Flowers are a common motif across cultures with a variety of associations – from offering in pujas, to greetings for all occasions, to decorations, to expression of love, to varmala, to funeral wreath etc. The wilted flower can also denote sadness of a lady whose lover is away. Bollywood found another use during its prudish phase when two flowers touching each other due to breeze signified intimacy between the leading couple hiding behind the bushes. Mr Rangan explores through film songs several of these emotions and moods. His write-up shows his usual in-depth research of the subject. As we welcome the onset of spring with blooming of myriad flowers, let us enjoy another fine post by Mr Rangan with thanks to him. – AK)
The mere sight of flowers lining the roads and pathways sends us into a tailspin of unbounded joy and uplifts us into a higher plane of existence. When we see them spread all over the meadow or covering bushes and trees in full bloom with resplendent hues and colours, our spirit is uplifted and romantic illusions start building up. Flowers in splendid array affect human beings in a myriad ways and we all succumb to its magic of seduction to forget our day to day worries and travails and be a part of the magic world they entice us to.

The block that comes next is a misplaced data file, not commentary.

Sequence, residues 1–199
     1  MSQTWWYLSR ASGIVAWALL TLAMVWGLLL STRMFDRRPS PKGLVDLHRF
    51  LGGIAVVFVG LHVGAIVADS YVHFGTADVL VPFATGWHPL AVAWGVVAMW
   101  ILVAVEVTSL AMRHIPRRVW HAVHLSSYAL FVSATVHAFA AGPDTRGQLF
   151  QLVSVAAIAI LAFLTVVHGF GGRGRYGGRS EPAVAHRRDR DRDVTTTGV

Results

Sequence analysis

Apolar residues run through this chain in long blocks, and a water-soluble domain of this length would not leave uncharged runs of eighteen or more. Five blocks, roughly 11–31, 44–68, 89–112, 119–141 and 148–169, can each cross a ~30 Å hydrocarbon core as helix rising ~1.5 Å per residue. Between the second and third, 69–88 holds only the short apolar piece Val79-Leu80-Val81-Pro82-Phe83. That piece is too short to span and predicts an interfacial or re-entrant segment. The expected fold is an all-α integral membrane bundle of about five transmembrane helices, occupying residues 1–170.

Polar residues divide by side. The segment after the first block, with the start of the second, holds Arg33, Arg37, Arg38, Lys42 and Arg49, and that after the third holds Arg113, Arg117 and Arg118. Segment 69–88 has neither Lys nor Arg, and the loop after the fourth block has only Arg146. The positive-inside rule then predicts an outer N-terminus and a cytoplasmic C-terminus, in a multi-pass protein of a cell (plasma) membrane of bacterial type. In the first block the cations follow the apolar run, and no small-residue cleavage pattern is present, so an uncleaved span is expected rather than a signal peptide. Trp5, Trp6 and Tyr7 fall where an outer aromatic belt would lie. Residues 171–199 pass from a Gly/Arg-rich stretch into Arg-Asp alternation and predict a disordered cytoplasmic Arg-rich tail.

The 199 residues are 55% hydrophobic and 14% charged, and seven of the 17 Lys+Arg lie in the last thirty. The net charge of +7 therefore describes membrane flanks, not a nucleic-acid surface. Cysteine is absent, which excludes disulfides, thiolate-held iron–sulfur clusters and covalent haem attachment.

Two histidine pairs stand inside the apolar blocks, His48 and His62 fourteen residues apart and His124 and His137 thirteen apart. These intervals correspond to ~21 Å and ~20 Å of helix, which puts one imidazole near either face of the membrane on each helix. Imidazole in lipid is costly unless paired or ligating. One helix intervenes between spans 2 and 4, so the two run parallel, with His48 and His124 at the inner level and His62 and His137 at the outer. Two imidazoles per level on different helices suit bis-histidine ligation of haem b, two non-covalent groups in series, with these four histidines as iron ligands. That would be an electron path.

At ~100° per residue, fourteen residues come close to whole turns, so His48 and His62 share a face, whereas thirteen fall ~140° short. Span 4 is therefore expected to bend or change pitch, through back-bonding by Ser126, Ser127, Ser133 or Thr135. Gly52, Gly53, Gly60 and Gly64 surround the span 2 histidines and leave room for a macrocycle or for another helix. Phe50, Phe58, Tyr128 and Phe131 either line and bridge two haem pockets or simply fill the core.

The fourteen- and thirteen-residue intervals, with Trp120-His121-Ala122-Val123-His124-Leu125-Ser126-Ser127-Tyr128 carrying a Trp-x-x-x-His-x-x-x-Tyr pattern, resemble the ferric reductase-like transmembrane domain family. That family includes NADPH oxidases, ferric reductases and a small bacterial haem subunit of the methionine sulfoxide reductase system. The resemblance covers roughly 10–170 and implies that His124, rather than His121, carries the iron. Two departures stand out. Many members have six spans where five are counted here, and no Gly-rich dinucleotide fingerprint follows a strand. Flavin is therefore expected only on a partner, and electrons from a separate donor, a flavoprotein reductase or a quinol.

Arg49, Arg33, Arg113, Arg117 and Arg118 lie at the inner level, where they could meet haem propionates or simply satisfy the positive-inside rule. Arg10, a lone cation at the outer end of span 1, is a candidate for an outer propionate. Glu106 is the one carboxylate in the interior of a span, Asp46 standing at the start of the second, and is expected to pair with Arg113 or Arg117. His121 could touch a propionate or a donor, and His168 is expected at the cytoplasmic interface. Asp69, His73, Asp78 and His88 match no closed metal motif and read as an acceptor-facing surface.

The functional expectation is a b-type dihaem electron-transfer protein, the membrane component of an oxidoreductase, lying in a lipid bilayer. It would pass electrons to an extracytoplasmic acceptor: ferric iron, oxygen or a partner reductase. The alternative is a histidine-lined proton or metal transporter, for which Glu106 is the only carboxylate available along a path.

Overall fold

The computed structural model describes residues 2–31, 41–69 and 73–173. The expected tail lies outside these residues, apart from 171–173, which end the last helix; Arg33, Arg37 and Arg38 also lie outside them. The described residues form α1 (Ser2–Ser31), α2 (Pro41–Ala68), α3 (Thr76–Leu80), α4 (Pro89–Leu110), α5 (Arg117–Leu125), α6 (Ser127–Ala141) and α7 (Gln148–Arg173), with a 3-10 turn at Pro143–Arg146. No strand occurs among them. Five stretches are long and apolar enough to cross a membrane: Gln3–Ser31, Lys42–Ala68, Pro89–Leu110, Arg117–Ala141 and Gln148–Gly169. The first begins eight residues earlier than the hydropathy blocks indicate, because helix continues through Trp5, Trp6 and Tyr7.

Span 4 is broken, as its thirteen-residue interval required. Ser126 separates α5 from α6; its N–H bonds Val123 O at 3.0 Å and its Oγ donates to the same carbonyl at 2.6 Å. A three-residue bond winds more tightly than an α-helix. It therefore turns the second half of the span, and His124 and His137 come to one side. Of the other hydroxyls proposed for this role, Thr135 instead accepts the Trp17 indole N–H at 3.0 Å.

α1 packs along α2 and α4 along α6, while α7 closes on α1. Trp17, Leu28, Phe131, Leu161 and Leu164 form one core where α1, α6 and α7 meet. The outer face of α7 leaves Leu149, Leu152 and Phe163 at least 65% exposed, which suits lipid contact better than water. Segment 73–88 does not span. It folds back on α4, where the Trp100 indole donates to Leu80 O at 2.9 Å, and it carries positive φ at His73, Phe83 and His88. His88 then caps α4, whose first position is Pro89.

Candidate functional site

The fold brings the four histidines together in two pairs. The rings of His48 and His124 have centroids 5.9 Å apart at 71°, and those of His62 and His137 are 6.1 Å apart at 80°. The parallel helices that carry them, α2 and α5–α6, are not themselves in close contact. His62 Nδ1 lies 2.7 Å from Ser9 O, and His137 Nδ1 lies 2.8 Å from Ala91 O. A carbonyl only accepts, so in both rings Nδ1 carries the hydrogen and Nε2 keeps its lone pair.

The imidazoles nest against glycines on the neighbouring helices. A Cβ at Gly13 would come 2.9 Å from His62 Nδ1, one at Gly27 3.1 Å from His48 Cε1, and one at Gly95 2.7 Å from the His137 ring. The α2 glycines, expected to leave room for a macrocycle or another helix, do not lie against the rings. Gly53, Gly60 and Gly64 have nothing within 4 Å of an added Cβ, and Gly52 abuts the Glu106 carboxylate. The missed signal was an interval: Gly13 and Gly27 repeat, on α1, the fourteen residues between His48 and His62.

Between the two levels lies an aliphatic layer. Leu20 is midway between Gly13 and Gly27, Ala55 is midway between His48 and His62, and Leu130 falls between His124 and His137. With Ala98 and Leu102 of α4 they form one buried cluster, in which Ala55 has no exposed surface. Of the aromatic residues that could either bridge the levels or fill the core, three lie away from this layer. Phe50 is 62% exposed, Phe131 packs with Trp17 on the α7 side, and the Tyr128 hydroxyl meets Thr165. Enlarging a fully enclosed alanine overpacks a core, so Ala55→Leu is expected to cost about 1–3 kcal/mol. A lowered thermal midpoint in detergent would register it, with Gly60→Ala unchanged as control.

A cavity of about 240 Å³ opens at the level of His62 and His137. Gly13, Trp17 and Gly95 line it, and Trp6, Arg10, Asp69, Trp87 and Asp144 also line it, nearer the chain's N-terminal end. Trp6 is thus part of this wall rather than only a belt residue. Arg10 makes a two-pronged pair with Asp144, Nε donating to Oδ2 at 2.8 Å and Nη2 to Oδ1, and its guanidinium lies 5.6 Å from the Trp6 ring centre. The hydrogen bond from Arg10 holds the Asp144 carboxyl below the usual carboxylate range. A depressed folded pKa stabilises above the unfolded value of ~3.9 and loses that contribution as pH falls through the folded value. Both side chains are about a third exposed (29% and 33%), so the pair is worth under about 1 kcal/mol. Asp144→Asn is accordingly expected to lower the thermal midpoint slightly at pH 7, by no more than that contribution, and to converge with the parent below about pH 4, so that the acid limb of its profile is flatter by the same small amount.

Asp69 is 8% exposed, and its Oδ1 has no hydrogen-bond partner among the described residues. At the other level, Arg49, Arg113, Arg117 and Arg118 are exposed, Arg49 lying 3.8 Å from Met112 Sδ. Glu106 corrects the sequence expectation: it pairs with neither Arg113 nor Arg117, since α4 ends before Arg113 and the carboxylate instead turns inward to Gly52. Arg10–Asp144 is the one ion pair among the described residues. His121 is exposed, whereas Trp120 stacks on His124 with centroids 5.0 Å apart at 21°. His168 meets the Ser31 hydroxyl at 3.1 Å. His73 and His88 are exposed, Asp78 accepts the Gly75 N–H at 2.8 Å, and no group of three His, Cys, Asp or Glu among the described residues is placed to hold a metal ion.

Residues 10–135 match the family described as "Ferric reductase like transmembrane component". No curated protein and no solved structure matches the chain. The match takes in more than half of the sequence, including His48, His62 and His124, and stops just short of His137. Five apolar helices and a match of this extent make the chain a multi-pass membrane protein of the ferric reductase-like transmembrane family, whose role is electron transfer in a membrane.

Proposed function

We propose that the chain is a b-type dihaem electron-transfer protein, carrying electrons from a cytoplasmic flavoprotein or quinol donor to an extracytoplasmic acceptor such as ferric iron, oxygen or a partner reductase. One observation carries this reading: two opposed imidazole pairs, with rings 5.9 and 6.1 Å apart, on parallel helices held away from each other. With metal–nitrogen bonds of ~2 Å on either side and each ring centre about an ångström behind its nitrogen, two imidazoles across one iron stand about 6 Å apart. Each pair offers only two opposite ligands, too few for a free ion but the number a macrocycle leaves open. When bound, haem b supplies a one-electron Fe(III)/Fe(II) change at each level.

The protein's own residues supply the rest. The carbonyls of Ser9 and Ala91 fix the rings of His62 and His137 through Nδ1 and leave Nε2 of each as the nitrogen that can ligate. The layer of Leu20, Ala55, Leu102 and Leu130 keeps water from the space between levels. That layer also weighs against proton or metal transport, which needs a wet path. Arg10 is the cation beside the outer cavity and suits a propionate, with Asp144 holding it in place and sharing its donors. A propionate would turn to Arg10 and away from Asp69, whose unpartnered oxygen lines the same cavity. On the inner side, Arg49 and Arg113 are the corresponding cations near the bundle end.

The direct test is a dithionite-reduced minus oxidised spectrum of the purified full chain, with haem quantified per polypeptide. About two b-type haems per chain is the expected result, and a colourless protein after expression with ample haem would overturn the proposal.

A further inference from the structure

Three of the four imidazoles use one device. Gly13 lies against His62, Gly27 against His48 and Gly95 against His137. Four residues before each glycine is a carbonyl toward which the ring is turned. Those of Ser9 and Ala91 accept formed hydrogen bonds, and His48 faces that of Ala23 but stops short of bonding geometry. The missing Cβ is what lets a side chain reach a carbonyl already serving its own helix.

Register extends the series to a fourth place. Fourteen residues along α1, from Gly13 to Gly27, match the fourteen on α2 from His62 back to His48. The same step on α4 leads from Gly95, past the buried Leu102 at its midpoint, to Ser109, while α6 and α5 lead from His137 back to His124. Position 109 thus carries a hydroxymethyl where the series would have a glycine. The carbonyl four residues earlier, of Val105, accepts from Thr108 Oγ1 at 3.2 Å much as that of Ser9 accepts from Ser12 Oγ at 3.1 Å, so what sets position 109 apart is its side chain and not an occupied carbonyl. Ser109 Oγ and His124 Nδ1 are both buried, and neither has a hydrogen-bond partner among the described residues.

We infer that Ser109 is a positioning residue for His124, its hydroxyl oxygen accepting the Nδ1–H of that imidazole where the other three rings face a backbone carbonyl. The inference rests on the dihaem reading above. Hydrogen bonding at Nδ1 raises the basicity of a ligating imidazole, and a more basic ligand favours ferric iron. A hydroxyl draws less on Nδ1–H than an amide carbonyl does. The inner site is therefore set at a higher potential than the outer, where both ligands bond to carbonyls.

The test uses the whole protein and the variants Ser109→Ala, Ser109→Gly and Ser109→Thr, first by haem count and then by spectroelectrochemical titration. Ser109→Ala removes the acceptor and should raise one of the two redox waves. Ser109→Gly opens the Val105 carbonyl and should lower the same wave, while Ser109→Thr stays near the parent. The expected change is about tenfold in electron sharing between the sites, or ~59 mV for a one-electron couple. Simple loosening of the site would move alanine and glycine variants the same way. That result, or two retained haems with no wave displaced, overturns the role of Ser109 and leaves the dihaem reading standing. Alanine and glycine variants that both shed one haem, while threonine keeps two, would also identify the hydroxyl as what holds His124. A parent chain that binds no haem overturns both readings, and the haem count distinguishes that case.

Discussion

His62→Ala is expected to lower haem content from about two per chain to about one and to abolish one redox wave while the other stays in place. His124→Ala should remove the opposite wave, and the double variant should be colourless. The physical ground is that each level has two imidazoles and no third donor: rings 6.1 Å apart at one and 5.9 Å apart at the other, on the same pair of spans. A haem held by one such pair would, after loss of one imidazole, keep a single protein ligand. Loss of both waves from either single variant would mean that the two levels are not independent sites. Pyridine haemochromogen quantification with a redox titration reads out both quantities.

A tribute to OP Nayyar on his 10th death anniversary (16 January 1926 – 28 January 2007) by guest author Ravindra Kelkar
(After I had written on OP Nayyar’s best songs for Mahendra Kapoor, Rafi, Shamshad Begum and Asha Bhosle, I had no intention of writing any more on him. But the readers’ clamour for ‘Ye dil maange more’ put mein a spot. I didn’t want to disappoint them; yet, I felt inhibited because I do not relate to OPN’s music as passionately as many do. While I was in this state of dilemma, a most pleasant surprise came in my mail when, out of the blue, Ravindra Kelkar offered to write a series of articles on OPN.